Tuesday, July 6, 2010
Those uncomfortable gray areas of life
“I have a really good friend who was convicted of killing two innocent people when she was nineteen years old on a horrible night of 1969 cult madness. Her name is Leslie Van Houten and I think you would like her as much as I do.”
So writes John Waters, director of such cult classics as “Pink Flamingos” and “Hairspray”, in his new book Role Models (which I read a few days ago). Reading the story of Leslie Van Houten pushed me into the moral gray zone, where the thinking is hard and uncomfortable – as thinking should be every now and then.
I aim to keep outright ugliness out of my blog, so I will not give explicit description of Ms. Van Houten’s participation in the murders of Leno and Rosemary LaBianca. Although her role was not as vicious as that of the other participants, it is still bad enough. You can look it up yourself if you wish.
Leslie Van Houten is now 61 years old and has spent 41 of those years behind bars, save for a six-month period of freedom between trials in 1978. She has taught fellow inmates how to read, recorded books on tape for the blind, worked in high-responsibility clerical jobs, and earned a master’s degree in philosophy from Anitoch College. She has gotten clean from drugs, completely repudiated Charles Manson, and has apologized for her crimes time and time again.
I would not be afraid if Ms. Van Houten were to be paroled. However, I will not get a chance to not be afraid, at least not for three more years, because today she was denied parole for the nineteenth time. Robert Doyle, the chairman of the California parole board, gave this reason, according to the Huffington Post: “[S]he had failed to gain complete insight into her crime and its motivation.” Whatever that means.
Countless others have served far less time for murders just as cruel, if not more so –such as Steve “Clem” Grogan, another Manson Family member, was paroled after serving 14 years of a life sentence for the murder of ranch hand Shorty Shea. Countless other murderers have been paroled without the mitigating factors of brainwashing or drug influence. I believe, as many others do, that the only reason Ms. Van Houten has yet to be paroled is because this is “Helter Skelter” we’re talking about – tied with the O.J. Simpson murders as the most notorious of the 20th century. It’s a psychic stain as red as the lettering of the title of Vincent Bugolosi’s book .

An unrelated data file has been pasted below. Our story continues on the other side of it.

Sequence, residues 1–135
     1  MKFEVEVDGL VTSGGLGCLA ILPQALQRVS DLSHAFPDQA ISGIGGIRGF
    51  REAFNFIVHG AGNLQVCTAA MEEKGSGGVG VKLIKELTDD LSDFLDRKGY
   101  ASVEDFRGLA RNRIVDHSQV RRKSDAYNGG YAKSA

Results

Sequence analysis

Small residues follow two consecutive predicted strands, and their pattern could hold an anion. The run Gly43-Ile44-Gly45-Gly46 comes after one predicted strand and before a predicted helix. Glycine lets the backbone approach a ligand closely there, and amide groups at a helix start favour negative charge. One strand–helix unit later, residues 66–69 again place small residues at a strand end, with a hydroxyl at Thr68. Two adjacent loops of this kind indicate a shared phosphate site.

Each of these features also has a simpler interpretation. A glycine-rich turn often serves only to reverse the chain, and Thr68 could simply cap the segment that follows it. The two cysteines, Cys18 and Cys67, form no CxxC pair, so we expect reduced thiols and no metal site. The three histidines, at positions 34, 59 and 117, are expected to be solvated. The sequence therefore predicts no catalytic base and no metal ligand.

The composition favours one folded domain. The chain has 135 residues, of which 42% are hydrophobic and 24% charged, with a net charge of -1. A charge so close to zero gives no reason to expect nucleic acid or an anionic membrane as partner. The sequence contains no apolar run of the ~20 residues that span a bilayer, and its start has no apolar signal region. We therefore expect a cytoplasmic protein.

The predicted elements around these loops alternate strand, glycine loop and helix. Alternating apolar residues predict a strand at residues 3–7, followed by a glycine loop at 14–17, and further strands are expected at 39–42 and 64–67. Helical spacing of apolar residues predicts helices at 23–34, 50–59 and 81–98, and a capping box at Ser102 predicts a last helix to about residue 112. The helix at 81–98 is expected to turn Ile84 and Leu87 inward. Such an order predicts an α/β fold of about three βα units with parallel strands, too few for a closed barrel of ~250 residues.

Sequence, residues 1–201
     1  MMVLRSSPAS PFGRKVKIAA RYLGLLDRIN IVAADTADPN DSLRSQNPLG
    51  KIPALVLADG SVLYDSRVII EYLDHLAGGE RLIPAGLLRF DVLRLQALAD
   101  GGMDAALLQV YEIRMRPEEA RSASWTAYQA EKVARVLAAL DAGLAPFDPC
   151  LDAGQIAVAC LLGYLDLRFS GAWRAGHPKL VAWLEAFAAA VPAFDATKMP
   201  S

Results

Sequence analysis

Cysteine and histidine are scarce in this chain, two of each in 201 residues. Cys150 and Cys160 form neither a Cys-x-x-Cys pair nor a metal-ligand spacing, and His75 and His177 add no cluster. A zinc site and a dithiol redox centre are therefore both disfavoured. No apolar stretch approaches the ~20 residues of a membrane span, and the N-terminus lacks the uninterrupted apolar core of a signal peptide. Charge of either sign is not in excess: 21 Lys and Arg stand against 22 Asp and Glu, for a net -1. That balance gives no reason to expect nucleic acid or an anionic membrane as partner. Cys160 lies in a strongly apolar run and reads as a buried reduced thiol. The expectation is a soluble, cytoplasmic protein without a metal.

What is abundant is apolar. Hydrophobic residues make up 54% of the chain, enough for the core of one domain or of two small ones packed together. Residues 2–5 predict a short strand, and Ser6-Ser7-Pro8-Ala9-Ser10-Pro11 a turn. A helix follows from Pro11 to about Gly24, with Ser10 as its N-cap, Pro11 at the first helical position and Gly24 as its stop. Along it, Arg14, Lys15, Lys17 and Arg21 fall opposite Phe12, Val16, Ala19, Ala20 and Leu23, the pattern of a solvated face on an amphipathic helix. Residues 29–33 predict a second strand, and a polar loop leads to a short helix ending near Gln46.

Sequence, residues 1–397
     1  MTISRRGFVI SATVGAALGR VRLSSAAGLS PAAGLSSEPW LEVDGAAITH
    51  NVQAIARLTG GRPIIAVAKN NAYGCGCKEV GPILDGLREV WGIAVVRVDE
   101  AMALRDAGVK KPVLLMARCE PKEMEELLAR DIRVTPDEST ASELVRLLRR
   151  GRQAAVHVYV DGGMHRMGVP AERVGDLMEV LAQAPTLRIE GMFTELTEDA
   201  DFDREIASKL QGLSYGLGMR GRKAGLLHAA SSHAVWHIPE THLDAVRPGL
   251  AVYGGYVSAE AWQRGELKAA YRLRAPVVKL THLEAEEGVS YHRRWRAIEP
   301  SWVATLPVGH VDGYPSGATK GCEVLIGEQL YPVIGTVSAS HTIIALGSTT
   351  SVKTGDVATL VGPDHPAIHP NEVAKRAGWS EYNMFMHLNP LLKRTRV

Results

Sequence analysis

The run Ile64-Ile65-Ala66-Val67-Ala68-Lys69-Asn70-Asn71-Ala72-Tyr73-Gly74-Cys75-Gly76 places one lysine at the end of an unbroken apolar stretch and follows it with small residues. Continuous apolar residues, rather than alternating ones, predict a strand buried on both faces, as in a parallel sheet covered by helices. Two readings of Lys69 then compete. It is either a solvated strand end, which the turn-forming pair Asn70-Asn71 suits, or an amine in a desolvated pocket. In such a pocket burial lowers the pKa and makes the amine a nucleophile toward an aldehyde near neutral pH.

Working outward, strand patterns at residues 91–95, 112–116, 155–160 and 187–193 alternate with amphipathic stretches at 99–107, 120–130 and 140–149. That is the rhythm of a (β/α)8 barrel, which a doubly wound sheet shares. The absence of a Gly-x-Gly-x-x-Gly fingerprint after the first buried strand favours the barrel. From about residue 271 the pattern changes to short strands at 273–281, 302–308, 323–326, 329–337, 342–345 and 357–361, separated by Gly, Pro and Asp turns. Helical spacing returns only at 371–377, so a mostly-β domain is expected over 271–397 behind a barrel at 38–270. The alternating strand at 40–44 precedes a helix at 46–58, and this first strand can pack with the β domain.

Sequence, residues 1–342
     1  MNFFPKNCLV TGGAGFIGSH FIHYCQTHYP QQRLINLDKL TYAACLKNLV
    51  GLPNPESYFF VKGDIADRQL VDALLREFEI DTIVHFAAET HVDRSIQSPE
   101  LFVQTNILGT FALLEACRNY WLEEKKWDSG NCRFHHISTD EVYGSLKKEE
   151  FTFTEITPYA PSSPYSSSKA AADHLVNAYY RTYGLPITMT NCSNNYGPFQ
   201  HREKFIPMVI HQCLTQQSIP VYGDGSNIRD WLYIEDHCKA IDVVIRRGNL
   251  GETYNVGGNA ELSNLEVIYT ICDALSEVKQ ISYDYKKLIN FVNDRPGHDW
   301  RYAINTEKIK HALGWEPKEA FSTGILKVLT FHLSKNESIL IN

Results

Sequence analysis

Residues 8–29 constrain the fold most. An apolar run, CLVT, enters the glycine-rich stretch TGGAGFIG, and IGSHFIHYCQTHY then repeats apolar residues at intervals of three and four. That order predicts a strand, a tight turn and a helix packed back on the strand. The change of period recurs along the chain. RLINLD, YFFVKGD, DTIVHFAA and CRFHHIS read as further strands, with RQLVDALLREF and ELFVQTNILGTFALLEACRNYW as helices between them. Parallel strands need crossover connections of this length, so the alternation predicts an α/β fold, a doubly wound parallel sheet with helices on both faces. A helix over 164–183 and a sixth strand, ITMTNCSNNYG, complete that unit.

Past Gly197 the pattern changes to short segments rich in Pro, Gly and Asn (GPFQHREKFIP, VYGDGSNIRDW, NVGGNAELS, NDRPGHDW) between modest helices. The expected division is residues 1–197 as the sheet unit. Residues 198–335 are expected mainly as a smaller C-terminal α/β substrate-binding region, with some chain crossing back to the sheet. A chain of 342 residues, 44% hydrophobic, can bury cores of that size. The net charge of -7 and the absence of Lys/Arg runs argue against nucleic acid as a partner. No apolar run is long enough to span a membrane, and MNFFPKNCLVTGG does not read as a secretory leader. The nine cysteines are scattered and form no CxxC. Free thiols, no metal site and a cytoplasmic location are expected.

Now comes the gray part.
Would I even think about parole for Ms. Van Houten if she had done that to someone who I loved?
Would I even think about parole for Ms. Van Houten if she had, for example, drowned five of her children in a bathtub?
Would I even think about parole for Ms. Van Houten if, instead of someone I admire like John Waters vouching for her, Sarah Palin was calling for her release?
If parole is justified here, why not for Ms. Van Houten's co-defendants, Charles "Tex" Watson and Patricia Krenwinkel? Weren't they just as brainwashed? Aren't they just as sorry now? (Charles Manson should never be paroled, will never be paroled, and probably doesn't even want to be paroled.)
It's as gray as a January morning in Seattle.
Apology is nowhere near adequate when it comes to murder, and forgiveness nowhere near possible. (The only people who truly have a right to forgive murder are the victims.)
But what about fairness? Is it possible to mention such a word in this case?
Does Leslie Van Houten deserve parole?
I don't know.
But it's a thought that will keep me up tonight.